What is Big Think?  

We are Big Idea Hunters…

We live in a time of information abundance, which far too many of us see as information overload. With the sum total of human knowledge, past and present, at our fingertips, we’re faced with a crisis of attention: which ideas should we engage with, and why? Big Think is an evolving roadmap to the best thinking on the planet — the ideas that can help you think flexibly and act decisively in a multivariate world.

A word about Big Ideas and Themes — The architecture of Big Think

Big ideas are lenses for envisioning the future. Every article and video on bigthink.com and on our learning platforms is based on an emerging “big idea” that is significant, widely relevant, and actionable. We’re sifting the noise for the questions and insights that have the power to change all of our lives, for decades to come. For example, reverse-engineering is a big idea in that the concept is increasingly useful across multiple disciplines, from education to nanotechnology.

Themes are the seven broad umbrellas under which we organize the hundreds of big ideas that populate Big Think. They include New World Order, Earth and Beyond, 21st Century Living, Going Mental, Extreme Biology, Power and Influence, and Inventing the Future.

Big Think Features:

12,000+ Expert Videos

1

Browse videos featuring experts across a wide range of disciplines, from personal health to business leadership to neuroscience.

Watch videos

World Renowned Bloggers

2

Big Think’s contributors offer expert analysis of the big ideas behind the news.

Go to blogs

Big Think Edge

3

Big Think’s Edge learning platform for career mentorship and professional development provides engaging and actionable courses delivered by the people who are shaping our future.

Find out more
Close

Twenty-Six Years Later, What Happened to the “Marriage Crunch” Generation of Women?

March 27, 2012, 11:10 AM
Newsweek1

Newsweek magazine in 1986 stunned a generation of college-educated single women by reporting that they had a better chance of being killed by a terrorist than ever walking down an aisle clutching a bouquet of flowers. Those women are now in their late 60s. Would you like to know how they did?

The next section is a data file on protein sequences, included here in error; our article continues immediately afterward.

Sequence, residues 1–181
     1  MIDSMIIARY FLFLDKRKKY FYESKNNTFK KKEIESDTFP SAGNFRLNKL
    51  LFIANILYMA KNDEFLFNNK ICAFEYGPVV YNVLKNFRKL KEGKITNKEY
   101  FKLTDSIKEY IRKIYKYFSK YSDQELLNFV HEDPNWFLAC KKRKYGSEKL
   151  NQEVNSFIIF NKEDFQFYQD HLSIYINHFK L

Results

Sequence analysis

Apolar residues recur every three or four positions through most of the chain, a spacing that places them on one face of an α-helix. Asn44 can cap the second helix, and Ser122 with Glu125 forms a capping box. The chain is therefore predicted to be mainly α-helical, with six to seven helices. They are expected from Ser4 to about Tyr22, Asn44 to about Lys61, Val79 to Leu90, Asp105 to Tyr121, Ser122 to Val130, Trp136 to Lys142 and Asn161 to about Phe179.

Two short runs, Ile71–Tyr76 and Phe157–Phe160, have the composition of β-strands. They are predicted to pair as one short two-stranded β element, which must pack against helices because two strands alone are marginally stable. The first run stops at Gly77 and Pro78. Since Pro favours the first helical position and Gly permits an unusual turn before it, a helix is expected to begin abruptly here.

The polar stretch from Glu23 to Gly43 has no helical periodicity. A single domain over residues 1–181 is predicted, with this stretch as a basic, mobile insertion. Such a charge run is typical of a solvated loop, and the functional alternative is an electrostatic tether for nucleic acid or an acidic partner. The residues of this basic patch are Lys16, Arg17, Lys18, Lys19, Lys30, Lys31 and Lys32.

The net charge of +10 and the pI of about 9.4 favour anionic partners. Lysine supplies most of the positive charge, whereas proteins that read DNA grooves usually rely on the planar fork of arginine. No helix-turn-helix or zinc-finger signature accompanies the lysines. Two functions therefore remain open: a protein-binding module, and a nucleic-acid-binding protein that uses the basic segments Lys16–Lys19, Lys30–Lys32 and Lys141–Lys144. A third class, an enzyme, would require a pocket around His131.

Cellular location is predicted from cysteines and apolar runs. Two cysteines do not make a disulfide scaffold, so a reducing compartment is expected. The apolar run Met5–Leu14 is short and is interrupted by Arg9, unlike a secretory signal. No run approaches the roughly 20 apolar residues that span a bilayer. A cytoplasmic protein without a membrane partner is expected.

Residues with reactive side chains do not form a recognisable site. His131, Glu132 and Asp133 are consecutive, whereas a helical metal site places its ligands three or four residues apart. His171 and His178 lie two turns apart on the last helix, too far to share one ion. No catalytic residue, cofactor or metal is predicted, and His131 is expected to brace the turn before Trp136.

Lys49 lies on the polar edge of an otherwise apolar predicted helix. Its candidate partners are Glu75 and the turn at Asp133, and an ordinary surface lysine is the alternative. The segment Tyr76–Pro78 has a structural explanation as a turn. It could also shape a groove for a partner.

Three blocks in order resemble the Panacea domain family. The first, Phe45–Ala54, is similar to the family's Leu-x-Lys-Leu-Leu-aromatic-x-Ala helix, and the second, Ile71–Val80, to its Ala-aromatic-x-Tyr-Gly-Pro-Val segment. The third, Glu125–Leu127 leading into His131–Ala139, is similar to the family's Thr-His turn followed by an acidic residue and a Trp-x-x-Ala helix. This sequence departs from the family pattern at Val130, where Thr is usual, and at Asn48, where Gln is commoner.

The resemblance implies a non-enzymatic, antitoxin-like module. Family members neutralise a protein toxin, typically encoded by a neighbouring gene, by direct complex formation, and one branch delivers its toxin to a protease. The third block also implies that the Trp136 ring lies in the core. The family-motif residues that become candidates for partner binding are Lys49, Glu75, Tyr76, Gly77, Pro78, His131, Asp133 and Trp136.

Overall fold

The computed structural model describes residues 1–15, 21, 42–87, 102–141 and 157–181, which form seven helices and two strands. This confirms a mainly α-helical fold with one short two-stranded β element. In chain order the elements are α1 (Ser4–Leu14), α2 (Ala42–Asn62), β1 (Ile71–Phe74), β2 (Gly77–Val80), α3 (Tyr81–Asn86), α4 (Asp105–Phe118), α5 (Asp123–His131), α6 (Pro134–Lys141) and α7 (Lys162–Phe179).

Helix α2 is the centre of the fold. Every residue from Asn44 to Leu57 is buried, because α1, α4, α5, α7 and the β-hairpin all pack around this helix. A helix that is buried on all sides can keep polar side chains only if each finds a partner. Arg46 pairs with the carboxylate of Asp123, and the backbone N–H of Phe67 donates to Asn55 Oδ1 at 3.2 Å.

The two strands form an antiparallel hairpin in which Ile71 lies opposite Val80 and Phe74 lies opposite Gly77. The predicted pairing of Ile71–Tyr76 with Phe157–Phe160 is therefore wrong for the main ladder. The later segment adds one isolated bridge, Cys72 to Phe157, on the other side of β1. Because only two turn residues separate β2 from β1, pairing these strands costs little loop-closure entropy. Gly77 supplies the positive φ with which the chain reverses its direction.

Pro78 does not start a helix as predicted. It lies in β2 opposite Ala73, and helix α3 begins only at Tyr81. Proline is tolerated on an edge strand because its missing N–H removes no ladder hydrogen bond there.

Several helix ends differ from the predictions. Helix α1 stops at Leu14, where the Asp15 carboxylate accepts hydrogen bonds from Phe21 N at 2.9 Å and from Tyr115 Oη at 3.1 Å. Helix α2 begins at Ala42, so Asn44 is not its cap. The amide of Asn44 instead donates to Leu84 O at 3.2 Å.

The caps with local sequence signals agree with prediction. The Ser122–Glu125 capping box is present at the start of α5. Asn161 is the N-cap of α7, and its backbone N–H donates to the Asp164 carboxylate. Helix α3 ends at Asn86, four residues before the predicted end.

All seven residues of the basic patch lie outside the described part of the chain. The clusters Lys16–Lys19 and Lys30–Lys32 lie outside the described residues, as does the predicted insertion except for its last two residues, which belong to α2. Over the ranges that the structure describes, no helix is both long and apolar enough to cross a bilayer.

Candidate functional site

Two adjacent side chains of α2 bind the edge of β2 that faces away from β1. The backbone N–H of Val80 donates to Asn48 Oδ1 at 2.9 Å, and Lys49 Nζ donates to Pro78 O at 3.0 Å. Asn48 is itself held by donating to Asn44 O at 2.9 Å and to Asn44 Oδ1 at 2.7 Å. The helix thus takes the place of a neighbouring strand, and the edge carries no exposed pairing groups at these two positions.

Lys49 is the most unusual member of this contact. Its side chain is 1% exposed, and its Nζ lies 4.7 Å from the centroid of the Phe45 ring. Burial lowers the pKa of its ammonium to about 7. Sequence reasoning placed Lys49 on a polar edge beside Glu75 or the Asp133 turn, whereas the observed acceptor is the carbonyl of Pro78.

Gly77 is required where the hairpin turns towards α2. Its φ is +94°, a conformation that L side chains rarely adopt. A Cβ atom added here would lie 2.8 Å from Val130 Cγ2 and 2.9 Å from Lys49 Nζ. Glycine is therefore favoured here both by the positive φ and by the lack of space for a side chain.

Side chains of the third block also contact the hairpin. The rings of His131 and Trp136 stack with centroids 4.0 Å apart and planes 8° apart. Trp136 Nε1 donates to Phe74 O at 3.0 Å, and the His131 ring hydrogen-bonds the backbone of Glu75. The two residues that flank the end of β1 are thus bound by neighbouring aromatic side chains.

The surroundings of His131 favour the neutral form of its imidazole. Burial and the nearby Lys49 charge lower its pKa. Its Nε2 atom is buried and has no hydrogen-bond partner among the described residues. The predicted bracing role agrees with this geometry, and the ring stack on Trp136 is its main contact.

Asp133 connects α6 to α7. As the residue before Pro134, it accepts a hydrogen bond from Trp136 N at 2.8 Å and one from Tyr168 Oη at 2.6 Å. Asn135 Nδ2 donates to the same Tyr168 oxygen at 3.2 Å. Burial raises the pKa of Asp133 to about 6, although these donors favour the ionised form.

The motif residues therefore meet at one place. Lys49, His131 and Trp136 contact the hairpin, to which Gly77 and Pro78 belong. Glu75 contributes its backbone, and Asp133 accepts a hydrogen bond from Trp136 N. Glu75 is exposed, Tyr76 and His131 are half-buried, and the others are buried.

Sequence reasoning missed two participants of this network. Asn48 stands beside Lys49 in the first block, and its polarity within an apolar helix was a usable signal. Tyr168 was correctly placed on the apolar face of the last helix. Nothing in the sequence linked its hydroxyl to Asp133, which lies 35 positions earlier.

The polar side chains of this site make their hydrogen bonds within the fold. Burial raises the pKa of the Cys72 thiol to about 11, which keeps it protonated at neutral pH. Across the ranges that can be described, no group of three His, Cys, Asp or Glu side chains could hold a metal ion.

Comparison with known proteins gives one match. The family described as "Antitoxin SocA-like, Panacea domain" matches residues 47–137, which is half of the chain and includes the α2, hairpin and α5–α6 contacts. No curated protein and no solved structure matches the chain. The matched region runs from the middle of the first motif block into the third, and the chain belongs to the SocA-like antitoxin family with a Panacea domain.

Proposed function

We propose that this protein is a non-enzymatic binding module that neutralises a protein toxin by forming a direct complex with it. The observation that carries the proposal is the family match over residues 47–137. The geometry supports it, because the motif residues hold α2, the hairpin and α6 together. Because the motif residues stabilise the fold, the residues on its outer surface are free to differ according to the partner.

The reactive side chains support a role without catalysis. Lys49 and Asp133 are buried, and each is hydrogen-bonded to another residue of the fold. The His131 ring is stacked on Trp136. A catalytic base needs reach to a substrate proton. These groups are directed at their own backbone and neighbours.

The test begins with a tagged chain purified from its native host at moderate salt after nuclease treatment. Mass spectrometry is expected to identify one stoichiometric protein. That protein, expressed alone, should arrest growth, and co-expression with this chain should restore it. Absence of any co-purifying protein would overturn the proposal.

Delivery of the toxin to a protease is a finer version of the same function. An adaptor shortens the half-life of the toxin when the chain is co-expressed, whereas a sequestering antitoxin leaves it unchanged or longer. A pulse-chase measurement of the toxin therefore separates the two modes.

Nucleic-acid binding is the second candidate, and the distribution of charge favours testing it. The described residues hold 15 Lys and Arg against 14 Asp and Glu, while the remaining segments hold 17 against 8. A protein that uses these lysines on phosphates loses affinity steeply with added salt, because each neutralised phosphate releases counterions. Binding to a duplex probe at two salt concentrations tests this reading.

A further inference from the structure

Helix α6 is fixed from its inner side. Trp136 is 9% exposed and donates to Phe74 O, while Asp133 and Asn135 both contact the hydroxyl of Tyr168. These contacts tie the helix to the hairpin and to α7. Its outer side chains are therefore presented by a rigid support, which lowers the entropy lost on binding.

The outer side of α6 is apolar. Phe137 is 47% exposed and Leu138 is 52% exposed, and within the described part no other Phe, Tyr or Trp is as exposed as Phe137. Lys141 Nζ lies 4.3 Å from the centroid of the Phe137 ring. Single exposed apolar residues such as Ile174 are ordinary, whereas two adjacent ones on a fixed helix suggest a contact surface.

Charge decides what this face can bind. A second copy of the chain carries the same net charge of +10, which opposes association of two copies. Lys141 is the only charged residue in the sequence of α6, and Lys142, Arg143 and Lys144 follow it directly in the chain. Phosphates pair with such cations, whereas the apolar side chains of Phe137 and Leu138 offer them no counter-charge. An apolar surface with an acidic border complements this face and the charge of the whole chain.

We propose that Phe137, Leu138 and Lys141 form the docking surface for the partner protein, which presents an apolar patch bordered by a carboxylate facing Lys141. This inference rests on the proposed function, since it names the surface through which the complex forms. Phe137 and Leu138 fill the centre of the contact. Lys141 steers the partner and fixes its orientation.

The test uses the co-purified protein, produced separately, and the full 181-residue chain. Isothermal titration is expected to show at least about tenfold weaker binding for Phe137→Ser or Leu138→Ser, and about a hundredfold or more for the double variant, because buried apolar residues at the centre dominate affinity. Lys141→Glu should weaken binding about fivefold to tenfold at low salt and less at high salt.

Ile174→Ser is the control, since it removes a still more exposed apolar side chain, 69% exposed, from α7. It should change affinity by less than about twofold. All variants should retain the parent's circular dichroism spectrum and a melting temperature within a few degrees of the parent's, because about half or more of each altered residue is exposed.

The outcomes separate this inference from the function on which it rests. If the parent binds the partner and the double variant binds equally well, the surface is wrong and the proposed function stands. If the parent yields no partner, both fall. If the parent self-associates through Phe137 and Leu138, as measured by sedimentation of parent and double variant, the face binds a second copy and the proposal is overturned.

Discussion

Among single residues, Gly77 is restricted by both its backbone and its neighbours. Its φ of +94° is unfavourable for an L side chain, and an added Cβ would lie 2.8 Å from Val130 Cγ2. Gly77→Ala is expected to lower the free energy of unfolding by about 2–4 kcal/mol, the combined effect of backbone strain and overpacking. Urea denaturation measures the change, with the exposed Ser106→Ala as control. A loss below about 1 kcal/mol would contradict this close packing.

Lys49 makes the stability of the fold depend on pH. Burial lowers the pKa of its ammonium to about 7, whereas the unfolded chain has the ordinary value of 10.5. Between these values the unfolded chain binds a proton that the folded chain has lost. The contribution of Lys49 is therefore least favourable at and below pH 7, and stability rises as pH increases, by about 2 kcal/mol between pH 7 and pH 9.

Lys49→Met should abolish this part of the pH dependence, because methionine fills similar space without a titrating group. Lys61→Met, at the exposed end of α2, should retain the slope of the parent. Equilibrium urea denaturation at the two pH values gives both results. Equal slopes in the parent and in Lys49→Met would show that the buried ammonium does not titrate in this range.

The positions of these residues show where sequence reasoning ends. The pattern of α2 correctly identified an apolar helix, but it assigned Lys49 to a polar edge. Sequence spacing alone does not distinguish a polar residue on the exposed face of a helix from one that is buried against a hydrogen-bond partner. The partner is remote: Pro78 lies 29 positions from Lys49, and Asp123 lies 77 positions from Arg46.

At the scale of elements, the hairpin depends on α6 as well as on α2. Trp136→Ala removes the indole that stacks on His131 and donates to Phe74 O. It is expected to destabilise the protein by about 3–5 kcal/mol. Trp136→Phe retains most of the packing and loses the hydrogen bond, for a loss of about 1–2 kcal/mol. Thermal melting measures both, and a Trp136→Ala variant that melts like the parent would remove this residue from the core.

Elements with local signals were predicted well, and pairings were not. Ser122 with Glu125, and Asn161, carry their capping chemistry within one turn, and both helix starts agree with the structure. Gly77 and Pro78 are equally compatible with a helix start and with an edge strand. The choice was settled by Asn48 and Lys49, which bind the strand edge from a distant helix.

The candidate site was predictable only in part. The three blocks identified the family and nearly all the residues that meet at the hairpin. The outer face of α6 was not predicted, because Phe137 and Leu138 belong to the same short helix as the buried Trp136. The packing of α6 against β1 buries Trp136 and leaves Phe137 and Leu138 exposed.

The June 2, 1986 cover of Newsweek magazine cover carried the headline “The Marriage Crunch: If you are a single woman here are your chances of ever getting married.” Accompanying this eye-catching headline was a graph that illustrated the bad news for women who had spent their youth in a classroom when they should have been busy finding themselves a husband – their chance of now marrying was shockingly low.


The report warned that a college-educated woman who was still single when she turned 30 had an only 20% chance that she would ever marry. If she hadn’t married her Prince Charming by the age of 35, the chance she ever would fell to 5%. If, heaven forbid, a woman was still single at age 40, well the probability was incredibly small (although probably significantly more likely than being killed by a terrorist).

The fact that the article forecast that the probability of a single 25-year-old college-educated woman ever marrying was only 50%, in a period in which over 90% of women married at some point in their life, should have been everyone’s first clue that there was something horribly wrong with these predictions.

Thanks to the passage of time, and the availability of U.S. Census data, I can tell you now how many of these college-educated women who had dared to postpone marriage into their 30s and their 40s fared on the marriage market in the years following this publication.

By 2010, 75% of college-educated women who were exactly 30 years old and single in 1986 had married at some point in the intervening 24 years. 69% of women who were exactly 35 and single in 1986 married their Prince Charming and even the old maids, the women who were 40 at the time that Newsweek made these dire predictions, were more likely than not to marry before their 65th birthdays – 68% married.

If you are a woman over 40 and single I am willing to bet you have heard the line “more likely to be killed by a terrorist” over and over again. And I wonder how many women’s lives were affected by willingness of society to accept these ridiculous predictions.  

How many women, for example, rushed into bad marriages for fear of being left on the shelf? Or under-invested in education for fear that the cost of a college degree was the lost opportunity to have a family?

Personally, I keep a postcard size picture of the Newsweek cover pinned above my desk as a constant reminder of the power of statistical evidence to distort public perceptions in a way that is potentially damaging.  And for what purpose, to sell a few extra magazines?

 

Twenty-Six Years Later, Wha...

Newsletter: Share: